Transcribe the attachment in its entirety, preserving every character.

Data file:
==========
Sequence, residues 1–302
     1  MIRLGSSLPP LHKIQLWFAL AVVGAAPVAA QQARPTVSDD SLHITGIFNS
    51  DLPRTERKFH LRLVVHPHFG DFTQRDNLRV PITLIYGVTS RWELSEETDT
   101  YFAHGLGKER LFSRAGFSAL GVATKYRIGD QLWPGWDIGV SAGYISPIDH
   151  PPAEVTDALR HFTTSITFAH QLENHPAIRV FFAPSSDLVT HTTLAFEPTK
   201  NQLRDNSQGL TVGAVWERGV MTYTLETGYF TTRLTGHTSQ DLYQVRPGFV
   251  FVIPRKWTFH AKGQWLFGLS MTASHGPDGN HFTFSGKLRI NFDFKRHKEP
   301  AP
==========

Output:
Sequence, residues 1–302
     1  MIRLGSSLPP LHKIQLWFAL AVVGAAPVAA QQARPTVSDD SLHITGIFNS
    51  DLPRTERKFH LRLVVHPHFG DFTQRDNLRV PITLIYGVTS RWELSEETDT
   101  YFAHGLGKER LFSRAGFSAL GVATKYRIGD QLWPGWDIGV SAGYISPIDH
   151  PPAEVTDALR HFTTSITFAH QLENHPAIRV FFAPSSDLVT HTTLAFEPTK
   201  NQLRDNSQGL TVGAVWERGV MTYTLETGYF TTRLTGHTSQ DLYQVRPGFV
   251  FVIPRKWTFH AKGQWLFGLS MTASHGPDGN HFTFSGKLRI NFDFKRHKEP
   301  AP